Sheila O’Malley is still one of the most powerful writers around:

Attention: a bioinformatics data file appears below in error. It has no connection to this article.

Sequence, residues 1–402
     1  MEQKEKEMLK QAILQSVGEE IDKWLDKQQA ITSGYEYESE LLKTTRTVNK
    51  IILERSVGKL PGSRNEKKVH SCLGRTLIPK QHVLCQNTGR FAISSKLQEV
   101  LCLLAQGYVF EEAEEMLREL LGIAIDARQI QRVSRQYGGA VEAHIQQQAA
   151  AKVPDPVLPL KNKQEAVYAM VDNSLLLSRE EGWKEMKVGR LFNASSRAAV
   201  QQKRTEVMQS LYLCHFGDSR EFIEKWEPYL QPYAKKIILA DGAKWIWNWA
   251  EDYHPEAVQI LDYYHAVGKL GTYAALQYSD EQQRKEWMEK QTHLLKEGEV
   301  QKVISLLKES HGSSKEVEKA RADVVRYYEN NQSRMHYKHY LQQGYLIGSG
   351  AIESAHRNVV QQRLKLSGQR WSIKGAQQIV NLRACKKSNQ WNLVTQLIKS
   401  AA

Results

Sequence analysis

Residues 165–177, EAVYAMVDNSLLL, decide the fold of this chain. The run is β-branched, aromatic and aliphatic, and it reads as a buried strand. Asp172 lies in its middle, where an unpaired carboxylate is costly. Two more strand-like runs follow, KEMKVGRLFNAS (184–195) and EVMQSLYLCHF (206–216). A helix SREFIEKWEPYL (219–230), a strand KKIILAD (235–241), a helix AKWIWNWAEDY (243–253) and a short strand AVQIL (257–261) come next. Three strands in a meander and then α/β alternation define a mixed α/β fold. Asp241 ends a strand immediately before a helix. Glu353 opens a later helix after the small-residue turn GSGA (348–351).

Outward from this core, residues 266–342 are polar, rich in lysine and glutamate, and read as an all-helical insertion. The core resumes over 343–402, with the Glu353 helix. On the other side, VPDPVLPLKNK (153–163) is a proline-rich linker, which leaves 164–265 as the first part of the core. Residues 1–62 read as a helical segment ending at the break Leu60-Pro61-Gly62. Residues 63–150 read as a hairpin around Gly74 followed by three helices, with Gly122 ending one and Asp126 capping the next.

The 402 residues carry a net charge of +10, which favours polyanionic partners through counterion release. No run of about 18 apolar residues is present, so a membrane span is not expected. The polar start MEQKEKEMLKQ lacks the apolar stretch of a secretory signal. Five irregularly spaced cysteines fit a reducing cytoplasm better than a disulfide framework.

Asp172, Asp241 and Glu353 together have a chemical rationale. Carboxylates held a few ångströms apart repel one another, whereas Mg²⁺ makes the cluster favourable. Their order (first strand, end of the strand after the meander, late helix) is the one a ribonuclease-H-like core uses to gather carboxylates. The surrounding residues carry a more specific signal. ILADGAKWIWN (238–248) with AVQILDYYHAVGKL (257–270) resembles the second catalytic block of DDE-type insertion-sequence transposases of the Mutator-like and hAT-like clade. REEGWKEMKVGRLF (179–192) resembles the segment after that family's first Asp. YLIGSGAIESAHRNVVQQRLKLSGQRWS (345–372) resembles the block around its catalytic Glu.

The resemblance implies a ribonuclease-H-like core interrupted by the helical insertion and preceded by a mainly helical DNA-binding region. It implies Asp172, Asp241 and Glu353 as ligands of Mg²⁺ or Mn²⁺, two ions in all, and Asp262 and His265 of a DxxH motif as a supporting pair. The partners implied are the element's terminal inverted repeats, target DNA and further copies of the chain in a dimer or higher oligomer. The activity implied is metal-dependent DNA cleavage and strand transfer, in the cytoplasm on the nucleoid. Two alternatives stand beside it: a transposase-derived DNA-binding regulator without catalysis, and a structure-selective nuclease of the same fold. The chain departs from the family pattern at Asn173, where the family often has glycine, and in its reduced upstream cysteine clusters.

And so when Liza Minnelli sings “Life is a cabaret, old chum,” there is a crazy hope behind those glittering scary eyes. The world is about to end. Everything is about to fall apart. Bowles has been in bed with the wrong people. The waking-up-screaming is coming, but until that day? She plants her legs wide apart on that empty stage, and wails out her life force, defiantly declaring her belief that the party was worth it. In a strange way, Minnelli’s version can be seen as a triumph. At least from Bowles’ perspective. That’s why it’s such a good performance. It’s complicated. There are no easy answers. Bowles launches herself, willfully, above the horror in that moment, and insists—she insists, all evidence to the contrary, that life IS a cabaret. She will not have it any other way. But when you think about the wider picture of what is happening in Europe at that time, that mindset becomes disgusting, soulless.